The Germans in South America

Quinta Columna

quinta columna

The term “Quinta Columna” is attributed to General Emilio Mola, who used it to refer to the advance of the rebel troops in the Spanish Civil War towards Madrid. The expression has since been used to designate a group of people who, in a situation of war or confrontation, maintain supposed loyalties to the enemy side, due to religious, economic, ideological or ethnic reasons. Such a characteristic makes the “Quinta Columna” a group of people who are potentially disloyal to the community in which they live and susceptible to collaborate in various ways with the enemy.

This idea and expression was subsequently used in all subsequent wars, such as World War II, and was used to refer to the French who, residing in France, were waiting for the Nazi Germany triumph in 1940. The term was also extended to the citizens of the Netherlands and Norway who showed more sympathy and loyalty to the Third Reich than to their own people, supporting the invasion of their home countries. Similarly, the United States used it as an expression during World War II to attack sympathizers of the Germans in our continent.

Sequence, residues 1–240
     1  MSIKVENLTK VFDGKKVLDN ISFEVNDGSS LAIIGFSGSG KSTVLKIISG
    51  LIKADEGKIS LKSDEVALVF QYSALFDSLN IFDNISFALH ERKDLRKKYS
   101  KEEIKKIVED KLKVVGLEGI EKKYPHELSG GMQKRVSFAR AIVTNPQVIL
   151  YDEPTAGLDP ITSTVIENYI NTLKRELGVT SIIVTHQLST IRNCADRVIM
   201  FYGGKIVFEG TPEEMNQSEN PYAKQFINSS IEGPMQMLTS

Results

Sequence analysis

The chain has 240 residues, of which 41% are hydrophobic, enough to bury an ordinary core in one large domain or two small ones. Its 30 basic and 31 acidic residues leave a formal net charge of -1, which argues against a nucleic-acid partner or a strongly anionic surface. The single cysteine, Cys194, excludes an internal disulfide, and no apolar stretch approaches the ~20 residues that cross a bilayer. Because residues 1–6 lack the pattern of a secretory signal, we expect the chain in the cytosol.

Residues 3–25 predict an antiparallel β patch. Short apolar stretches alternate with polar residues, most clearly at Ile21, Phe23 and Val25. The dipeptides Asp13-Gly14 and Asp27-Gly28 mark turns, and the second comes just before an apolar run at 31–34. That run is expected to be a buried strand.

This is an example of the history of the “witch hunt” undertaken by the characters who took over trade in the Americas. Many took advantage of this situation to eliminate their commercial competitors and, in many cases, to take over their companies and assets.

On June 7, 1940, the Colombian government authorized Pan American Airways to take possession of all the airports and planes of SCADTA, remove all German personnel, and present it the following day as a change of name of the company from SCADTA “Colombo-German Air Transport Society” to AVIANCA “National Airways of Colombia.” This process is described in an article published in the Bogotá newspaper “El Tiempo” on August 7, 1940, which sheds light on the events that led to the elimination of all German personnel from AVIANCA. You can read the full article on the: “Quinta Columna”

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